Five teeth of a large eomyid rodent, three from White Springs 1A and two from White Springs 3B, are referred to the genus Arikareeomys, which is known outside of Florida only by the type species A. skinneri from the Arikareean McCann Canyon L.F. in Nebraska (Korth, 1992). Arikareeomys is a large eomyid with high crowned teeth in which both the upper and lower cheek teeth are characterized by two enamel lakes that are separated by a central, transverse valley. The White Springs sample is clearly referable to Arikareeomys, as no other similar large eomyid is known from North America. However, the Florida teeth differ in minor details from A. skinneri from Nebraska and appear to represent an undescribed species. Arikareeomys occurs in four Florida Arikareean faunas, including White Springs, Cowhouse Slough, SB-1A/Live Oak, and Buda. White Springs, Buda, and SB-1A/Live Oak all have the same Arikareeomys, whereas the Cowhouse Slough taxon is a distinct species.

    A large, brachydont “cricetid” rodent of the genus Leidymys is represented at White Springs 3B by more than 10 isolated molars. Leidymys generally is referred to the subfamily Eucricetodontinae, Family Cricetidae (e.g., Martin, 1980; Korth, 1992). The M1 of the White Springs Leidymys is similar to L. cerasus from the McCann Canyon L.F. in Nebraska (Korth, 1992), although it differs from the latter species in slightly smaller size and several dental details, and almost certainly represents an undescribed species. Leidymys is typical of Whitneyan and early Arikareean faunas (Martin, 1980). L. cerasus from McCann Canyon is the youngest known species in the genus (Korth, 1992).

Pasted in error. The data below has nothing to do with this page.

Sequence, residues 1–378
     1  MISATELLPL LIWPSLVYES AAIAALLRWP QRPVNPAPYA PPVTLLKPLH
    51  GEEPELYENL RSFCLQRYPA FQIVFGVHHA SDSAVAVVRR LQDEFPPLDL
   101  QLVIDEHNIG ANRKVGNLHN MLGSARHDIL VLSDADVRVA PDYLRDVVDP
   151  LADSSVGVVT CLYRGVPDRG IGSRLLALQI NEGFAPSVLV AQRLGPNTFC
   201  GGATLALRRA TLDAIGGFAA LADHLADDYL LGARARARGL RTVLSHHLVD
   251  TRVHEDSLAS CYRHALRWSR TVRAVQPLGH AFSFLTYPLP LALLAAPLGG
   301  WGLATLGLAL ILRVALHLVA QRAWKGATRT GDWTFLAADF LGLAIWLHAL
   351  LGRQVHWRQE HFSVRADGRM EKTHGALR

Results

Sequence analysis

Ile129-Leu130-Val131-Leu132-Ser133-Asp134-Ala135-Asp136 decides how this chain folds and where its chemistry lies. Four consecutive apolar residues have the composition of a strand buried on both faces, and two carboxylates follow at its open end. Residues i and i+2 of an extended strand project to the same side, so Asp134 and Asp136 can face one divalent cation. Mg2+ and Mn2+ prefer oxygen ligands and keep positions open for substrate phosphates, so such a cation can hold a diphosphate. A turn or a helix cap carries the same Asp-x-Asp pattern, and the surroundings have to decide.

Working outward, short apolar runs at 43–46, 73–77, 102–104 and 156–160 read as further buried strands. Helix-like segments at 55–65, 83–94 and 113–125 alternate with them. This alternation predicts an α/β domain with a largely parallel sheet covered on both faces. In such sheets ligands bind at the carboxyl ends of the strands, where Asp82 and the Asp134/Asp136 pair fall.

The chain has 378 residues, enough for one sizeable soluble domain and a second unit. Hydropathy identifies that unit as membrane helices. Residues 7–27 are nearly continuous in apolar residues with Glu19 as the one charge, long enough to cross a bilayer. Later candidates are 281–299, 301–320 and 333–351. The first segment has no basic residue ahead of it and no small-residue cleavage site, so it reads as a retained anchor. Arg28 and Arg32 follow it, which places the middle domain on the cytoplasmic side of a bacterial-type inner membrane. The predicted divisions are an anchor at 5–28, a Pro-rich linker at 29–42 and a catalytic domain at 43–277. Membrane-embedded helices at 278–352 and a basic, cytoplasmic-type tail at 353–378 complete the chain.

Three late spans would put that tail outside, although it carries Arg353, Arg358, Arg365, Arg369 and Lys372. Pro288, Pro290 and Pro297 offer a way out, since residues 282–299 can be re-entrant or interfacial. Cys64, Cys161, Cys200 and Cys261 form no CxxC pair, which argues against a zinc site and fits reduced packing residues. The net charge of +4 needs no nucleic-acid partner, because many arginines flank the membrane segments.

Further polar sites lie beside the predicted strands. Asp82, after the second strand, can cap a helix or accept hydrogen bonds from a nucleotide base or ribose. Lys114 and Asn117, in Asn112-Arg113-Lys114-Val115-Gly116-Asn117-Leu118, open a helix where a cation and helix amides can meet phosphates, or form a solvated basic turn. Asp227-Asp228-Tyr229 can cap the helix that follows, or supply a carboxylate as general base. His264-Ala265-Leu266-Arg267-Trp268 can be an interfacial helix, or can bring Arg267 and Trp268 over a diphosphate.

Compared to oreodonts and camels, equids and rhinoceroses are very rare in the White Springs L.F. Morgan (1989) reported several partial teeth of a primitive Parahippus-grade horse from White Springs 1A. Albright (1998) later referred these teeth to Anchippus texanus, a species also known from two other Arikareean sites on the Gulf Coastal Plain, the Franklin Phosphate Pit Number 2 site in Florida, and the Ar3 Toledo Bend L.F. from easternmost Texas. A partial upper tooth (UF 206417) from White Springs 3B is tentatively referred to the Arikareean rhinoceros Diceratherium.